In addition to this premium Bible, my wife and I spent our first anniversary together out and about doing all manner of things. Our first stop was a Barnes & Noble for some Starbucks and book browsing. I ended up grabbing a copy of H. A. Guerber’s Classical Mythology for $7.98. I saw it the last time I was there and wanted to grab a copy but never did. I also opted to order a bunch of books from CBD’s Spring Sale before we went to see Death Wish, which was great, by the way! Here’s what I got from them:

The Structure of Sacred Doctrine in Calvin’s Theology

Translating the New Testament: Text, Translation, Theology

Rowan’s Rule: The Biography of the Archbishop of Canterbury

Evangelizing Catholics: A Mission Manual for the New Evangelization*

The Age of the Spirit: How the Ghost of an Ancient Controversy Is Shaping the Church

What Did the Ancient Israelites Eat? Diet in Biblical Times

ESV Gospel of John, Reader’s Edition

Friends of Calvin

The Fourth Cup: Unlocking the Secrets of the Last Supper and the Cross*

Abraham Kuyper: A Pictorial Biography

An Outline of New Testament Spirituality

Romans: Catholic Commentary on Sacred Scriptures*

Treasures Old and New: Essays in the Theology of the Pentateuch

The Lamb’s Supper: The Mass As Heaven On Earth*

At the Heart of the Gospel: Suffering in the Earliest Christian Message

Consuming the Word: The New Testament and the Eucharist in the Early Church*

Qumran and Jerusalem: Studies in the Dead Sea Scrolls and the History of Judaism

The Gospel and The Mind: Recovering and Shaping the Intellectual Life

The Challenges of Cultural Discipleship: Essays in the Line of Abraham Kuyper

God Speaks: What He Says, What He Means

I got too many to link them all. Most of them ranged in price from $0.99 to $2.99. The notable exceptions are the volumes by Scott Hahn*, but I’m trying to get my hands on everything he’s ever written so I’m willing to pay the price for those. I’d love to say that this should hold me over for a while, and while it probably should, it definitely won’t. Until next time…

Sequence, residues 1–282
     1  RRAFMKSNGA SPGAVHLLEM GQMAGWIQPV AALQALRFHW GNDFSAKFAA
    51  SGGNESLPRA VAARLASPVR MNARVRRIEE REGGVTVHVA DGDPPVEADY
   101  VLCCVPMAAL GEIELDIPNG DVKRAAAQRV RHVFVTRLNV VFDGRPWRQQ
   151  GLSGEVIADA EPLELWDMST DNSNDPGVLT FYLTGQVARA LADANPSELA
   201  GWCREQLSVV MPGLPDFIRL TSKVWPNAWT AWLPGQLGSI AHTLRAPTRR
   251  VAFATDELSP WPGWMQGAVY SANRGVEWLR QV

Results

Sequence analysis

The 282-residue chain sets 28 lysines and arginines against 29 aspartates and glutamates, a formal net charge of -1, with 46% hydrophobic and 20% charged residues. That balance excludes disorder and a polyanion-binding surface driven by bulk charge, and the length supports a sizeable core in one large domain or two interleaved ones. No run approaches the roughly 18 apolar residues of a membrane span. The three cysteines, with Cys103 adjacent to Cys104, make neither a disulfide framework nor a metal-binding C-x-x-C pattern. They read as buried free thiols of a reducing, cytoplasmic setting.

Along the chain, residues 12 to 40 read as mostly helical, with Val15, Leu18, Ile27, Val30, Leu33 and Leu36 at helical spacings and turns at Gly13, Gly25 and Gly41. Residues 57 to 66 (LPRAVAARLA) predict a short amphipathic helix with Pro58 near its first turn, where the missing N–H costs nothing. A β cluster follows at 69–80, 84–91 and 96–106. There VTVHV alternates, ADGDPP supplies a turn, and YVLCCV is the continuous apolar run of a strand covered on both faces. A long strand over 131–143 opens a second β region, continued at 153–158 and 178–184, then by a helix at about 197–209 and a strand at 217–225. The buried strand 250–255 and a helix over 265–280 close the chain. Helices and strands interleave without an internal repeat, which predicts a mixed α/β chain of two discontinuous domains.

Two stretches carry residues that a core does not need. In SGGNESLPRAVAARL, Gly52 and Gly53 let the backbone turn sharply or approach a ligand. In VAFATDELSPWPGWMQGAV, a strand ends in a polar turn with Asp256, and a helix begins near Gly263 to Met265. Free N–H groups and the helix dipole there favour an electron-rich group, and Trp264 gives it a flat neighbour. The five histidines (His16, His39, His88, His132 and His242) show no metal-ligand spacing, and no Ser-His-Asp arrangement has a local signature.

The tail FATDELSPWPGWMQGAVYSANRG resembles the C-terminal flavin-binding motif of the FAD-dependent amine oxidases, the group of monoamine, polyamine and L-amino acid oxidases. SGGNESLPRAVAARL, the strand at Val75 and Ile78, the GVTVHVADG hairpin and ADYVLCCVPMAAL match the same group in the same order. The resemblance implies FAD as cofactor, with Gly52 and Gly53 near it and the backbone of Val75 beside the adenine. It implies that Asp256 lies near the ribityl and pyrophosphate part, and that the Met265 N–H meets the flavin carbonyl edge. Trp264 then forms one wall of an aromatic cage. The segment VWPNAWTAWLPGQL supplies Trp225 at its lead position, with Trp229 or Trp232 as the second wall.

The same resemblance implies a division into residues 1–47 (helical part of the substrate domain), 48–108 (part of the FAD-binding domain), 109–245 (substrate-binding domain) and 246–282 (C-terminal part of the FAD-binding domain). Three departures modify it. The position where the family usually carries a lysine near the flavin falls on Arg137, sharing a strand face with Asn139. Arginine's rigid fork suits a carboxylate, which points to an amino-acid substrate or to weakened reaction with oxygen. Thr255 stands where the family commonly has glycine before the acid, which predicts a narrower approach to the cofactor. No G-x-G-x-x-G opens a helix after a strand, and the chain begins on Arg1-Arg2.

Just Ordered & In the Mail

I apologize to those who have stayed faithful. I apologize for not keeping you, my reading audience, abreast of the books I’ve been getting. Just last week I received a copy of Leontius of Byzantium: Complete Works edited and translated by Brian Daley from my friends at OUP. This looks to be a glorious volume filled with more information than I’ll possibly be able to process. I can’t wait to really dig into it.

Quite a while back De Gruyter sent me The Origins of Yahwism; Essays on Judaism in the Pre-Hellenistic Period; Functions of Psalms and Prayers in the Late Second Temple Period; and Luke the Historian of Israel’s Legacy, Theologian of Israel’s ‘Christ’: A New Reading of the ‘Gospel Acts’ of Luke.

Mohr Siebeck sent Richard Bauckham’s The Christian World Around the New Testament: Collected Essays, which is the second volume of his collected essays in the WUNT I series. He really is quite prolific; it’s amazing!

IVP Academic sent me a copy of Christopher R. J. Holmes’ The Lord Is Good: Seeking the God of the Psalter.

I also received a copy of Retrieving Eternal Generation from my mother for Christmas. Yes, it’s been that long since I’ve written anything about my book acquisitions!

Somewhere along the line I picked up a copy of Morris Ashcraft’s Rudolf Bultmann (Makers of the Modern Theological Mind). I’m building up quite the respectable Bultmann shelf!